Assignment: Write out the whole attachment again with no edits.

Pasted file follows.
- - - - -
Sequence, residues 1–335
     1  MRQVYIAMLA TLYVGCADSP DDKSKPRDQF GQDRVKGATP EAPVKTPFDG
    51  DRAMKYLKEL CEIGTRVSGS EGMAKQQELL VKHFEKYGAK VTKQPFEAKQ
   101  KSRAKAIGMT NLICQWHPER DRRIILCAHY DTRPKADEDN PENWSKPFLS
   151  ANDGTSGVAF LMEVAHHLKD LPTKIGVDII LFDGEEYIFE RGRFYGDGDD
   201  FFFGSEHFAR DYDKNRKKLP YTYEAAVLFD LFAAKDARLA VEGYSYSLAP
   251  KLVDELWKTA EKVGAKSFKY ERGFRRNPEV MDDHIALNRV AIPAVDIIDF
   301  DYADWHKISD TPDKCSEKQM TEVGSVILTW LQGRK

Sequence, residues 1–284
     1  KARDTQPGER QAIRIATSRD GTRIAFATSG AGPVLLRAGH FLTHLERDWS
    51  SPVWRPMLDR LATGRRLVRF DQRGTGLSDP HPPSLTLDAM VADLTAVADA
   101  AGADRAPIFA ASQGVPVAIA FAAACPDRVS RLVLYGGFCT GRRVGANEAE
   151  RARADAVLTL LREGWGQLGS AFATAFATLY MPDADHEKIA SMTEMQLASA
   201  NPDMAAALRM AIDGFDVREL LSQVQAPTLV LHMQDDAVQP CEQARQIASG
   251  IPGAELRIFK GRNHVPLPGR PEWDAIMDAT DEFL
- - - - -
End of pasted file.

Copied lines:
Sequence, residues 1–335
     1  MRQVYIAMLA TLYVGCADSP DDKSKPRDQF GQDRVKGATP EAPVKTPFDG
    51  DRAMKYLKEL CEIGTRVSGS EGMAKQQELL VKHFEKYGAK VTKQPFEAKQ
   101  KSRAKAIGMT NLICQWHPER DRRIILCAHY DTRPKADEDN PENWSKPFLS
   151  ANDGTSGVAF LMEVAHHLKD LPTKIGVDII LFDGEEYIFE RGRFYGDGDD
   201  FFFGSEHFAR DYDKNRKKLP YTYEAAVLFD LFAAKDARLA VEGYSYSLAP
   251  KLVDELWKTA EKVGAKSFKY ERGFRRNPEV MDDHIALNRV AIPAVDIIDF
   301  DYADWHKISD TPDKCSEKQM TEVGSVILTW LQGRK

Sequence, residues 1–284
     1  KARDTQPGER QAIRIATSRD GTRIAFATSG AGPVLLRAGH FLTHLERDWS
    51  SPVWRPMLDR LATGRRLVRF DQRGTGLSDP HPPSLTLDAM VADLTAVADA
   101  AGADRAPIFA ASQGVPVAIA FAAACPDRVS RLVLYGGFCT GRRVGANEAE
   151  RARADAVLTL LREGWGQLGS AFATAFATLY MPDADHEKIA SMTEMQLASA
   201  NPDMAAALRM AIDGFDVREL LSQVQAPTLV LHMQDDAVQP CEQARQIASG
   251  IPGAELRIFK GRNHVPLPGR PEWDAIMDAT DEFL